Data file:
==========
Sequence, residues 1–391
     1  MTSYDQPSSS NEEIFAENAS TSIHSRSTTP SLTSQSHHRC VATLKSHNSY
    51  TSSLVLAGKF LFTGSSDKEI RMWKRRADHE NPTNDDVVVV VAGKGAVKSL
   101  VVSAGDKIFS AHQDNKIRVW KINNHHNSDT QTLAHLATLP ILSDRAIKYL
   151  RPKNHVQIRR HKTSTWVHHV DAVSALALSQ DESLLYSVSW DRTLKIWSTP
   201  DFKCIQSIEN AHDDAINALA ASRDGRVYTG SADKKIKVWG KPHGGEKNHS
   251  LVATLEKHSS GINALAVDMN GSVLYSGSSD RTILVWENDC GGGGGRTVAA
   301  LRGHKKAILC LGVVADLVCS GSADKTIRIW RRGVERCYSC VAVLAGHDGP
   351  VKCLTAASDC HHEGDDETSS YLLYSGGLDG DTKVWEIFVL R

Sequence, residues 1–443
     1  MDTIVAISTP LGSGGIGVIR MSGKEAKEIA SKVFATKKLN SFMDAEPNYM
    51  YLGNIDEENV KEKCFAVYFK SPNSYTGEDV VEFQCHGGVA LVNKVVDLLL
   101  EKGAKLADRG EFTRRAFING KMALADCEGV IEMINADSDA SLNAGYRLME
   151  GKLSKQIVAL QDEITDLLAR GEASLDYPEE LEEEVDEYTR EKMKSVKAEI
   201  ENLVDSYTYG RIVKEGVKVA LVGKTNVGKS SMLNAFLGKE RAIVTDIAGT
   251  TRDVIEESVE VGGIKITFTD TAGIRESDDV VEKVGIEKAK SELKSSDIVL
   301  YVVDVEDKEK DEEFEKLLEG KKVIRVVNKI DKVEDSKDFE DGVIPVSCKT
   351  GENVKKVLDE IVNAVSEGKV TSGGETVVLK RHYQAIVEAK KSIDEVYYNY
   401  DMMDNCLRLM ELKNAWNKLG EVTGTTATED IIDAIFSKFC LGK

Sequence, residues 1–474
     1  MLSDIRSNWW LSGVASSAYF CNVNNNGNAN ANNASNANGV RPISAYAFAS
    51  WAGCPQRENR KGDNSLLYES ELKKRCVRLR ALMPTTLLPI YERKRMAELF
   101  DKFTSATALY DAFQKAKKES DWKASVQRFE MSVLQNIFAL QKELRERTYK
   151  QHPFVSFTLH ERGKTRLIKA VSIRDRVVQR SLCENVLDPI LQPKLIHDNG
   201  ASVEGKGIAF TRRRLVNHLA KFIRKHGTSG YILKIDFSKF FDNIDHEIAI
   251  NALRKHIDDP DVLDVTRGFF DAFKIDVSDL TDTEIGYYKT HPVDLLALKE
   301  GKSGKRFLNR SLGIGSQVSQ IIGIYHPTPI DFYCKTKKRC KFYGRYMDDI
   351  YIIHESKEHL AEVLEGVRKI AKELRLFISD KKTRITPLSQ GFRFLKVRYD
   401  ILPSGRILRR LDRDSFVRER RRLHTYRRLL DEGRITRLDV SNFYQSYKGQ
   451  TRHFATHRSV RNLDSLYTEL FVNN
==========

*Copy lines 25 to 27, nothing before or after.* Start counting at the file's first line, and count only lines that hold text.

   201  ASVEGKGIAF TRRRLVNHLA KFIRKHGTSG YILKIDFSKF FDNIDHEIAI
   251  NALRKHIDDP DVLDVTRGFF DAFKIDVSDL TDTEIGYYKT HPVDLLALKE
   301  GKSGKRFLNR SLGIGSQVSQ IIGIYHPTPI DFYCKTKKRC KFYGRYMDDI